The HM Treasury Women in Finance Charter was launched by the UK government in March 2016 to encourage the financial services industry to improve gender balance in senior management. As of March 2021, the Charter now has more than 400 signatories covering 950,000 employees across the sector.
Now in its fourth year, the annual review monitors the progress of signatories against their Charter commitments to increase female representation in senior management, and holds them to account against the four Charter principles:
- To have one member of the senior executive team who is responsible and accountable for gender diversity and inclusion
- To set internal targets for gender diversity in senior management
- To publish progress annually against these targets on the company’s website
- To have an intention to ensure the pay of the senior executive team is linked to delivery against these internal targets.
Chaired by Yasmine Chinwala, partner at New Financial, and one of the authors of the report, speakers included John Glen MP, the Economic Secretary to the Treasury and City Minister.
The review noted that “2020 marked the biggest test yet for the 209 Charter signatories in this analysis. While more than 70% have met or are on track to meet their targets for female representation in senior management, the rest either missed their 2020 deadlines or are falling behind on their future targets”.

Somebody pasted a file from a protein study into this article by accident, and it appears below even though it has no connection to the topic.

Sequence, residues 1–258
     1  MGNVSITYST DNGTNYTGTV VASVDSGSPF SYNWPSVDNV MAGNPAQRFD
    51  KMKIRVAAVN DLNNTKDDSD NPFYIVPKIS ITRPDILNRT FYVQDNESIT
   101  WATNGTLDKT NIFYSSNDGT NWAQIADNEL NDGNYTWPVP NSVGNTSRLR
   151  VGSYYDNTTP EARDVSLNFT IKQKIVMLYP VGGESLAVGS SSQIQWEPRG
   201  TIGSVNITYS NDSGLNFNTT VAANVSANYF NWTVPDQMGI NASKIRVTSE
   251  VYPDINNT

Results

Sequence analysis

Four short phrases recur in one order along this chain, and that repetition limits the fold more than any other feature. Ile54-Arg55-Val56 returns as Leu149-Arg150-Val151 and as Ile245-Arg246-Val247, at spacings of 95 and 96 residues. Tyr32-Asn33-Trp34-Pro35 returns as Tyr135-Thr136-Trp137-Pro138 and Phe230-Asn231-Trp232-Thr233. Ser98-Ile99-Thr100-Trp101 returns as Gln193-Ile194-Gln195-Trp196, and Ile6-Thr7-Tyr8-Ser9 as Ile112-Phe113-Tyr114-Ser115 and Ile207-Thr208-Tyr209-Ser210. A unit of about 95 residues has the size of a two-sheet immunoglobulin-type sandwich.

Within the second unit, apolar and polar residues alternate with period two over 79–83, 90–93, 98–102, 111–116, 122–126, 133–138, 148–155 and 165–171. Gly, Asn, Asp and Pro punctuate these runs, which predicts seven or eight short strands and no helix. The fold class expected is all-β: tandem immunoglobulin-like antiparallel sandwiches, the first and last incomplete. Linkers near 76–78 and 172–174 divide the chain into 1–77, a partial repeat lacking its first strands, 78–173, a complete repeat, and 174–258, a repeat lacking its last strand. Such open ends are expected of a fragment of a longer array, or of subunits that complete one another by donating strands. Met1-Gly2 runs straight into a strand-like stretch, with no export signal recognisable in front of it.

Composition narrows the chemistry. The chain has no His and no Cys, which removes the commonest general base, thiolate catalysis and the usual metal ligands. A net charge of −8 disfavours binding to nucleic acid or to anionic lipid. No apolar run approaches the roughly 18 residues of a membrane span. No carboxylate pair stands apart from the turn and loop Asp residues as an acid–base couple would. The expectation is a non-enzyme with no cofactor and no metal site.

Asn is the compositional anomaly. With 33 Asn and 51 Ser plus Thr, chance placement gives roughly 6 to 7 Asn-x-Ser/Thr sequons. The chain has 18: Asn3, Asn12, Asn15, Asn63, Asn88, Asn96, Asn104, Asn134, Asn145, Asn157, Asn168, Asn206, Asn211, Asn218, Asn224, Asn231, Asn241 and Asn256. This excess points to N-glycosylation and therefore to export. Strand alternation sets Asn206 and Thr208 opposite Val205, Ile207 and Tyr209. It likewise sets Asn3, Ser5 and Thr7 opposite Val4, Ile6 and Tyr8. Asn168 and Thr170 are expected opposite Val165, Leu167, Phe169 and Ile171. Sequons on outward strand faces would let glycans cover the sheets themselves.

Sestini & Co have been signatories to the Charter since its inception in 2016, and were pleased to join a well-attended online event on 18 March 2021 to discuss the HM Treasury Women in Finance Charter Annual Review 2020.
Progress made and the impact of the “new normal”
This year’s analysis included data from 209 signatories and looked at:
- Progress: it was found that 81 of the group of 209 were approaching their target deadlines at the end of the year
- New this year: this looked at the impact Covid has had on the workforce, particularly on gender diversity
- Driving progress: this focused on what signatories are doing to achieve their targets, particularly in relation to recruitment, and promoting and retaining more women.
John Glen MP emphasised that women’s jobs were 1.8 times more vulnerable during the pandemic than men’s roles. He stressed the importance of continuing to hold firms accountable for achieving diversity across the sector.
Boosting diversity in the workplace
Overall, he remains impressed with the actions taken by the biggest signatories and their deep understanding of the complexity of the issues to be addressed. The constant theme is to boost the diversity of the talent pipeline as well as diversity at the boardroom level.
Whilst signature firms are making great progress, there is more work to be done. There needs to be more of a focus on the intersectional nature of diversity and to reflect diversity in all dimensions.
The opportunities of remote working
In response to Yasmin Chinwala’s question about the opportunities of remote working, John Glen emphasised the need to look at the disproportionate impact of working from home for different groups. In particular, flexible working or part time work opportunities see a higher number of applications from women and there is a need to look at how to create enduring lasting change for the status of women and the opportunities they have.
Dame Jayne-Anne Gadhia pointed out that this wasn’t just about targets, it’s about getting the right balance of people in the right places in order to drive profitability and business success.
In closing, it was felt that a lot of progress has been made but that we are only scratching the surface and that the number one priority will be to bring tangible results.
To view the Annual Review, click here.
Find out more about our commitment to the Women in Finance Charter here: https://www.sestiniandco.com/about-sestini-co/
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